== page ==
[0029] FIGS. 5-6 are side cross sectional views of a method of using the multiple chamber material-stirring lance of FIG. 2 shown with the lance in a ladle of hot metal.

[0030] FIG. 7 is a side cross sectional view of the multiple chamber material-stirring lance of FIG. 1, shown with a lower port 52 configuration wherein a lower port 52 is positioned at a lowermost terminal end of the gas chamber with the port opening parallel to the gas chamber.

DRAWINGS LIST OF REFERENCE NUMERALS

[0031] The following is a list of reference labels used in the drawings to label components of different embodiments of the invention, and the names of the indicated components. [0032] 2 ladle [0033] 4 slag pot [0034] 5 desulfurization reagent or material [0035] 6 hot metal [0036] 6a surface of hot metal [0037] 8 ladle spout [0038] 10 gas bubbles [0039] 24 slag [0040] 40 multiple chamber material-stirring lance [0041] 42 material connection pipe [0042] 43 material chamber [0043] 44 gas connection pipe [0044] 46 refractory coating [0045] 48 stirring gas chamber or gas chamber [0046] 50 body stirring port or body port [0047] 52 lower stirring port or lower port [0048] 60 material discharge port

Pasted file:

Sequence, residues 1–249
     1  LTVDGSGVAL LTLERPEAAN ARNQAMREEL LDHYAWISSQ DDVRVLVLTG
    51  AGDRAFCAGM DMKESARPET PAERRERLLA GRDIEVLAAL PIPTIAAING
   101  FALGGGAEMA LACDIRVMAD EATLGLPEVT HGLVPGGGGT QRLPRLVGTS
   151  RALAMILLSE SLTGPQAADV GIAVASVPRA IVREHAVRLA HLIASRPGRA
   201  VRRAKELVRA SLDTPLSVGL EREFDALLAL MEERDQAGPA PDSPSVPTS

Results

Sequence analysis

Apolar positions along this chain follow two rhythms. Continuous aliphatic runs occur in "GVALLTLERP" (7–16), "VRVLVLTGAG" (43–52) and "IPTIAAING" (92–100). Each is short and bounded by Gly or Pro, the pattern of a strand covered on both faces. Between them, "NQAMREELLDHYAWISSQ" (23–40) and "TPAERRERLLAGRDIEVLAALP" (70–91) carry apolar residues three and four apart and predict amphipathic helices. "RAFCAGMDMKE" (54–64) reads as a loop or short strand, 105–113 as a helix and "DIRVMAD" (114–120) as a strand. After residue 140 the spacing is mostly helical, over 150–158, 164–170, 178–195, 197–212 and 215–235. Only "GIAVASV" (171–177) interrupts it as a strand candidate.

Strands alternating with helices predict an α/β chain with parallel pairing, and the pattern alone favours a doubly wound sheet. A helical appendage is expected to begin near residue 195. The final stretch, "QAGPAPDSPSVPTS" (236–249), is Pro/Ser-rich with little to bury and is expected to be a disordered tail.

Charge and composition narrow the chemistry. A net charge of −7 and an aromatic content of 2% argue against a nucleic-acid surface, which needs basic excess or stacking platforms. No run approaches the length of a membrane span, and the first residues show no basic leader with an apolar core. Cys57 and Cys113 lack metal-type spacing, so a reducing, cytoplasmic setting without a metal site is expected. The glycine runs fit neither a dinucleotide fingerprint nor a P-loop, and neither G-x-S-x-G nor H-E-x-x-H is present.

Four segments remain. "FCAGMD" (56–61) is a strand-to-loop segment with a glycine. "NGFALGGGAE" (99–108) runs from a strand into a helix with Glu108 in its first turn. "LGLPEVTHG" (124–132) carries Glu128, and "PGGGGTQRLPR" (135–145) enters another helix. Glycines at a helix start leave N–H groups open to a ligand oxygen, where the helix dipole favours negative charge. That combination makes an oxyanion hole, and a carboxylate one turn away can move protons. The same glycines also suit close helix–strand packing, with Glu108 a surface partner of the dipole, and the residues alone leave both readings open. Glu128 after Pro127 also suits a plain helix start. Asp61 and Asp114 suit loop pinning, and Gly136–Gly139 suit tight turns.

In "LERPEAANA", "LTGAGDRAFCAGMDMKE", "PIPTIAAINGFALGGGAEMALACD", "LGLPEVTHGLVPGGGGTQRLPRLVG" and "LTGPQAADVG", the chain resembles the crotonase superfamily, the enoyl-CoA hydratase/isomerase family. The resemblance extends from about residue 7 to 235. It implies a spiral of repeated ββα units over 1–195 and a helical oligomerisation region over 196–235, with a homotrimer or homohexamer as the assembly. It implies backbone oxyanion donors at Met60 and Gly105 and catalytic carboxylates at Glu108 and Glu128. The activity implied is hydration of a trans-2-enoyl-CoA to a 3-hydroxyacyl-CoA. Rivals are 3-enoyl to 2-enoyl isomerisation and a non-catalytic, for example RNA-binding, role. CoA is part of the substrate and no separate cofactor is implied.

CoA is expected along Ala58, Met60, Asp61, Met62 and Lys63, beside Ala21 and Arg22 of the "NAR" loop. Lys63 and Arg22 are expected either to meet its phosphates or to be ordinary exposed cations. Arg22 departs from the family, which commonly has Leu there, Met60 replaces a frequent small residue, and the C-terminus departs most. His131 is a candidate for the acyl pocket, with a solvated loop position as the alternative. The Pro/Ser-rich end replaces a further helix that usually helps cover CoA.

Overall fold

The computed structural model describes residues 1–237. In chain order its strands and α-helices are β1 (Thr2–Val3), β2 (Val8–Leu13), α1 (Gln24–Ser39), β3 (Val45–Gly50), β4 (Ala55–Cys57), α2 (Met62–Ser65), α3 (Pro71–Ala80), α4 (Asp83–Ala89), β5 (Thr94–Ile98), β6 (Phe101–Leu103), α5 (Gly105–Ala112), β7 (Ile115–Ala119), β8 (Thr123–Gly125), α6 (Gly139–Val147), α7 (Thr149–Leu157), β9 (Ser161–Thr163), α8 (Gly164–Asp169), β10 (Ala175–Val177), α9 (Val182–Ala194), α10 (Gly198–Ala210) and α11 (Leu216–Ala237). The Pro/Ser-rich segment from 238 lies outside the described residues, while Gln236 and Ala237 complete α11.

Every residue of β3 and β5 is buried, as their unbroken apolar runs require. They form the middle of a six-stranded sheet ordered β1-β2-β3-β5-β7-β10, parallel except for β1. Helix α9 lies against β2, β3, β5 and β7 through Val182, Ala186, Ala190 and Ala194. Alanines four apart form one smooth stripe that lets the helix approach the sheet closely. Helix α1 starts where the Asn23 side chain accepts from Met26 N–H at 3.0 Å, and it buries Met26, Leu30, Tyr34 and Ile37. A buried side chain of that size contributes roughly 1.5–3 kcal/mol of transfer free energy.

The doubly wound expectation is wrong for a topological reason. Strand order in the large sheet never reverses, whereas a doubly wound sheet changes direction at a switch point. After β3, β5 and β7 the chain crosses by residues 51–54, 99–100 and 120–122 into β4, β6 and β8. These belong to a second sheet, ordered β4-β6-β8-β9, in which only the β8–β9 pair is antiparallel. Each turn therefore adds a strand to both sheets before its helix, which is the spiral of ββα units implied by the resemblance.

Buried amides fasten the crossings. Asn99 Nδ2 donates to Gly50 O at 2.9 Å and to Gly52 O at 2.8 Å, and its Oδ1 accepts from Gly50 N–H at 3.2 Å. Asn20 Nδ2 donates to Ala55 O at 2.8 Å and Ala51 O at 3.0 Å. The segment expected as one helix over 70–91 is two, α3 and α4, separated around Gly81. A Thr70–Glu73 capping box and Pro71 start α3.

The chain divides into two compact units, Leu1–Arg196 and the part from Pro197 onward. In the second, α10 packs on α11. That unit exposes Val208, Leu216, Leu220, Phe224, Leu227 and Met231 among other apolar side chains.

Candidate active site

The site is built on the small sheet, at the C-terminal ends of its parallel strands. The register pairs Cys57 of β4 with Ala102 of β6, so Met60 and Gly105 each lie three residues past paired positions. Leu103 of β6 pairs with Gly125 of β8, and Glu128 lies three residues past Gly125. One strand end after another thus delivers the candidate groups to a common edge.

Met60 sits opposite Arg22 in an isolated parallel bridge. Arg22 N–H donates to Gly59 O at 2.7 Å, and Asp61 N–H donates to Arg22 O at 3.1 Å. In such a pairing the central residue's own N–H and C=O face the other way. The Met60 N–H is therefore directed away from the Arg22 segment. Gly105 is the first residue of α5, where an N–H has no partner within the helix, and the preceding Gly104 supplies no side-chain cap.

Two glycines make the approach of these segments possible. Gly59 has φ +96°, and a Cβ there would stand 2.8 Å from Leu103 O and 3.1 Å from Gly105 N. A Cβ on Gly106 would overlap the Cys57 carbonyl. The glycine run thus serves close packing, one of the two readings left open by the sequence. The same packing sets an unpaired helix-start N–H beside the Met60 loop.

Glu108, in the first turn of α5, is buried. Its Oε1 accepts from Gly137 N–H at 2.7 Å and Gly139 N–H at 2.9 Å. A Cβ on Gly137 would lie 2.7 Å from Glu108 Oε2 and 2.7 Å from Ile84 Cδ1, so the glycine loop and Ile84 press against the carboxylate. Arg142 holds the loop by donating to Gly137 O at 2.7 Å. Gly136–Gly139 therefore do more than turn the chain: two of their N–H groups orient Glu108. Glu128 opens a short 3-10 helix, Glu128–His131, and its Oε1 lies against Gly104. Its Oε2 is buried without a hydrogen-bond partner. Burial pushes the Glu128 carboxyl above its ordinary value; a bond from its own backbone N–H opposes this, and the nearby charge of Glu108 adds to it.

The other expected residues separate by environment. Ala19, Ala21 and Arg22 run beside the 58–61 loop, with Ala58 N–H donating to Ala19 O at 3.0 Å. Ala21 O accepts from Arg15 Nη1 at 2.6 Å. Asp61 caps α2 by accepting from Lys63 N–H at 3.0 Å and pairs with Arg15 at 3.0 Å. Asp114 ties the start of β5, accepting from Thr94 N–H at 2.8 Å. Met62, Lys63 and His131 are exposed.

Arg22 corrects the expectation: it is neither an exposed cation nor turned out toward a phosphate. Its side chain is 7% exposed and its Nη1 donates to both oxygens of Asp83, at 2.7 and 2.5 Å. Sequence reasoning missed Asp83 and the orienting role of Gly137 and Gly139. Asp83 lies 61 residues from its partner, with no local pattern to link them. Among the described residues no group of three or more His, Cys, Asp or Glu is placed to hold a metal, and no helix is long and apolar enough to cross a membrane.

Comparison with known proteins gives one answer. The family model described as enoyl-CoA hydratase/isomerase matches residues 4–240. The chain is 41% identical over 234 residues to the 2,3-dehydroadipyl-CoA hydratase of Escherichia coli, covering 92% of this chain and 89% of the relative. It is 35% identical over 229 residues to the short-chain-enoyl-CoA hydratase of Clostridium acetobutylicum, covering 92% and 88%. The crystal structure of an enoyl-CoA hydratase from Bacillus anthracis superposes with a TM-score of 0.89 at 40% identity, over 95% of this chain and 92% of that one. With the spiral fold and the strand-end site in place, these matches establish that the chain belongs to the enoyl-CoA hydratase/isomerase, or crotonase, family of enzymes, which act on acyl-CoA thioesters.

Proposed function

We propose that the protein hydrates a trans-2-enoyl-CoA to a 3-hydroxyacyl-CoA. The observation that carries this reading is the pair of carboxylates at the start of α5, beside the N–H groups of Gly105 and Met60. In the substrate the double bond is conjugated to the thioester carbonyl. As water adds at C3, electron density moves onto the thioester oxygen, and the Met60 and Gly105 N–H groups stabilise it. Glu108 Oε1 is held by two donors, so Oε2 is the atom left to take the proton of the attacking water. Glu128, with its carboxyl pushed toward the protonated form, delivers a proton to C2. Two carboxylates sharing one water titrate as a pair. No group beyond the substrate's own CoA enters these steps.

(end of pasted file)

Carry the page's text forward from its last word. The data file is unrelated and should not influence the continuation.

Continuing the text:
Glossary of Important Terms

[0049] Hot metal or molten metal: metal heated to a temperature such that the metal is in a liquid state, and includes metals commonly purified by heating in a ladle such as steel and iron Material: desulfurization reagent or reagents Port: when referring to a port of a gas chamber, a structure capable of passing gas, including but not limited to porous plugs, directional plugs, pipes, and nozzles, and when referring to a port of a material chamber, a structure that allows material to pass through.